Medical simulation centers are emerging around the world to advance medical education to the next level by developing curricula that employs the technology to improve skills and assess performance. The centers are also conducting research that provides evidence to simulation’s effectiveness as a learning tool, reports Chuck Weirauch.
Private sector and government medical simulation centers are using simulation to take medical education to the next level of innovation. Surgical and other skills that heretofore could only be learned and refreshed in a live venue can be developed in a virtual environment. One of the more subtle but dramatic uses of medical simulation is in robotic surgery.
Robotic surgery curricula
Just as the American College of Surgeons, worked to develop the Fundamentals of Laparoscopic Surgery curriculum to improve surgeons’ skills and as a tool to measure proficiency, efforts are now underway to develop a Fundamentals of Robotic Laparoscopic Surgery curriculum.
One such effort to advance surgical medical simulation and the development of the Fundamentals of Robotic Laparoscopic Surgery curriculum is a $4.2 million Telemedicine and Advanced Technology Center (TATRC) grant awarded to Florida Hospital’s Nicholson Center for Surgical Advancement. The grant is for the development of a Center of Excellence (COE) in Medical Robotics and Simulation Research. TATRC is a division of the U.S. Army Medical Research and Material Command.
The Nicholson Center, co-located at Florida Hospital Celebration Health in Orlando, now hosts the largest multispecialty medical robotics training program in the world. According to Nicholson Center Administrator Rick Wassel, the Center currently has six da Vinci robotic surgical systems that are dedicated exclusively to training physicians from around the world in more than six medical specialties. “While the primary use of the da Vinci system has been for laparoscopic prostate cancer surgery (and in fact more than 85 percent of such surgeries in the U.S. are now done with the da Vinci), advances in robotics research have shown applications for its use in cardiovascular, thoracic, gynecological, urology and general surgery, as well as in oncology,” Wassel said.
Robotics and simulation research
In October 2011 the Nicholson Center opened its new 54,000 square-foot Global Training and Education Institute, which will house the COE in Medical Robotics and Simulation Research. The six da Vinci robotic systems will be located in this building and be equipped with the da Vinci Skills Simulator provided by system manufacturer Intuitive Surgical. Along with the 25-station wet lab for simulation robotics and learning for new procedures and techniques will be a Simulation and Robotics Lab for medical modeling and simulation and robotics, virtual, mixed and augmented reality, telesurgery and mobile surgery. The Institute also features a 500-seat conference center.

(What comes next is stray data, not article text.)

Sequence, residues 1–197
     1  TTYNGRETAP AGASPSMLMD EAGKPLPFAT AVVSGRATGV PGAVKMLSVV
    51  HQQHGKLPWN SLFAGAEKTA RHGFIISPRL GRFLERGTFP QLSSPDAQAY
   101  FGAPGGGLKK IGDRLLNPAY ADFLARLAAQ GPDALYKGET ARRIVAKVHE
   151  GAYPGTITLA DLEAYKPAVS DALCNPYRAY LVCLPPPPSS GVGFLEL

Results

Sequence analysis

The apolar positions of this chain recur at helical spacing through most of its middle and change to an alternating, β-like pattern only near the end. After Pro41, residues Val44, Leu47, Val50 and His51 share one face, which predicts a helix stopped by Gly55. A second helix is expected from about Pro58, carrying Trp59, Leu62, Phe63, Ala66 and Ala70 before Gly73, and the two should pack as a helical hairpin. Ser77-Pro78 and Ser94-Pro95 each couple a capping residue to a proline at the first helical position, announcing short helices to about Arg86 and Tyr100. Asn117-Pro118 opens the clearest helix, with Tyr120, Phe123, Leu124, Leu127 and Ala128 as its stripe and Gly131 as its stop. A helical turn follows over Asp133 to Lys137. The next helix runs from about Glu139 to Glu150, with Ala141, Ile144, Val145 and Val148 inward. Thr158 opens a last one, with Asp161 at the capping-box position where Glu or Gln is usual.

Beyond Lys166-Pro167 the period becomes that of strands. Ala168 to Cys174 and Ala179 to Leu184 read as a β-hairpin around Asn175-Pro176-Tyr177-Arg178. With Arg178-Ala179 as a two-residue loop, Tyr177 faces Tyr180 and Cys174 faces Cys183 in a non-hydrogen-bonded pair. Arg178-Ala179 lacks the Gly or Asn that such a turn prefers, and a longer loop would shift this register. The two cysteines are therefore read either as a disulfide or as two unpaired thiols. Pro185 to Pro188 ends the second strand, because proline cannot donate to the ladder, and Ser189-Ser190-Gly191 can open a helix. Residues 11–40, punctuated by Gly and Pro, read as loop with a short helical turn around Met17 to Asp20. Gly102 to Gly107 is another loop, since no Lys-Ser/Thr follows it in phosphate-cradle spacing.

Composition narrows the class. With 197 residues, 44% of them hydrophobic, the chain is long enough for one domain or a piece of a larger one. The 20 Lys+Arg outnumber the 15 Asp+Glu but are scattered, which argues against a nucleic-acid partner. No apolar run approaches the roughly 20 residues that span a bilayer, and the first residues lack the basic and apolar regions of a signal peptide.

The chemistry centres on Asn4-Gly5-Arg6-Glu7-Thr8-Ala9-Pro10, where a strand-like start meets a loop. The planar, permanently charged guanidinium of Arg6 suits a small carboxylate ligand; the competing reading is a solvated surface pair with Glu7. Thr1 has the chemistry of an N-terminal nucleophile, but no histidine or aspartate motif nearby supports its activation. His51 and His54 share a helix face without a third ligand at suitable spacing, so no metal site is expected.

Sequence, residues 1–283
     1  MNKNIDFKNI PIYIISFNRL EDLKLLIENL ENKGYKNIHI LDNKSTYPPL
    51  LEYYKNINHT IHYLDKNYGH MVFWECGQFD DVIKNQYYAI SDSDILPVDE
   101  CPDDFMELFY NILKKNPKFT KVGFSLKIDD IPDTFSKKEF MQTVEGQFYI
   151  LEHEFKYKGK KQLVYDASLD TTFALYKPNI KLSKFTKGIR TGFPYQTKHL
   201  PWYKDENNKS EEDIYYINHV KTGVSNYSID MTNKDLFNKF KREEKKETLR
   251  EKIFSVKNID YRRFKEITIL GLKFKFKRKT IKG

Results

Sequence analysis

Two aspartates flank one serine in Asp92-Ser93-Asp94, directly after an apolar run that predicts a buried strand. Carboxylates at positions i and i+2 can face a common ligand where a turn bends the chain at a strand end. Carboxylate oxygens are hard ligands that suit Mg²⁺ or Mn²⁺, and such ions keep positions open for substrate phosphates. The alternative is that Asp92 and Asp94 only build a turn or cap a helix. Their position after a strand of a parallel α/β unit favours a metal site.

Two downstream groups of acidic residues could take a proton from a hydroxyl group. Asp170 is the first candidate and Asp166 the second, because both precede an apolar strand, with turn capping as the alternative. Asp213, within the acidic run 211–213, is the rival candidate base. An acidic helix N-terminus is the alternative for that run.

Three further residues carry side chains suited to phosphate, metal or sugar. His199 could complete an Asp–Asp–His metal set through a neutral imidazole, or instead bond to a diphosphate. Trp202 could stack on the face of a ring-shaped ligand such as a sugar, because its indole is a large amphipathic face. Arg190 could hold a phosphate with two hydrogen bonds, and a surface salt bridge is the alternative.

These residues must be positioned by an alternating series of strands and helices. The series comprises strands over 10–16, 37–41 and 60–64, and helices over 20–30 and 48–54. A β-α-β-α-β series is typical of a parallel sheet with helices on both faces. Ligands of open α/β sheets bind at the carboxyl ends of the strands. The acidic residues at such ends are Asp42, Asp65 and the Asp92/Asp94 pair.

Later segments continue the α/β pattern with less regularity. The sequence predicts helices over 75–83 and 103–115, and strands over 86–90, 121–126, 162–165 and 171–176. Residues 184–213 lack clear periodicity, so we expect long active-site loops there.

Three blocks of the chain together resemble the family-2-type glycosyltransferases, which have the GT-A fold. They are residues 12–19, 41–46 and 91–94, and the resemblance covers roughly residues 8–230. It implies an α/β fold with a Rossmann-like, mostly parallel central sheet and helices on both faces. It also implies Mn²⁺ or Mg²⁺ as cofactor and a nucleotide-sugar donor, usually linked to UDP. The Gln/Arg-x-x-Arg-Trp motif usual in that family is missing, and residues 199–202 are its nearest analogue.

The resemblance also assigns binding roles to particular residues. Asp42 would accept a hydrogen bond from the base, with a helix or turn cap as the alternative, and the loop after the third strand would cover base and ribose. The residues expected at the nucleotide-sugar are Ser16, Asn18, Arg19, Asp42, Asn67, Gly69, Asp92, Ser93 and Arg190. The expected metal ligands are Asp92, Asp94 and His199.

The purpose of the Institute is to advance medical simulation and robotics and be a leader in those fields, Wassel explained. He cited partnerships with the Orlando military modeling and simulation community, along with the area’s new Medical City and Veteran’s Administration Hospital with its Medical Simulation Center, as catalysts for that goal.
“The old medical model of see one, do one, teach one is no longer applicable in today’s environment,” Wassel said. “The new model is see many, do many, teach many, and we can accomplish that through simulation, much of it translated from military M&S. Medical simulation allows us to change the way we train physicians and impact their interaction with patients, through avatars or not.”
According to Florida Hospital Chief Technology Officer Roger Smith, what makes the Nicholson Center’s effort to develop the Fundamentals of Robotic Laparoscopic Surgery curriculum unique is that it will be created to be shared; with all civilian and military medical education organizations, institutions, and hospitals. The ‘Robotic Surgery 101’ course will incorporate medical simulation technologies and become a part of the process to allow medical education organizations to certify surgeons to perform da Vinci robotic surgery, he explained.
Tough learning curve
Vipul Patel, M.D., is the world leader in robotic prostatectomies, having performed more than 5,000. He is also the Director of Florida Hospital’s Global Research Institute. In summarizing what is needed for the advancement of robotic surgery, Patel said that the next critical step in robotics is probably in simulation.
“The reason, there is still a very steep learning curve for the da Vinci procedure,” Patel explained. “And what we know is that this is a continuous learning curve. You continue to learn no matter how many you do. Simulation is probably the safest and most ethical way to practice surgery before you first do it on humans. One of the most critical areas is developing a fundamental knowledge for robotic surgery, and to do it we need to have simulation.”
Other Simulation Research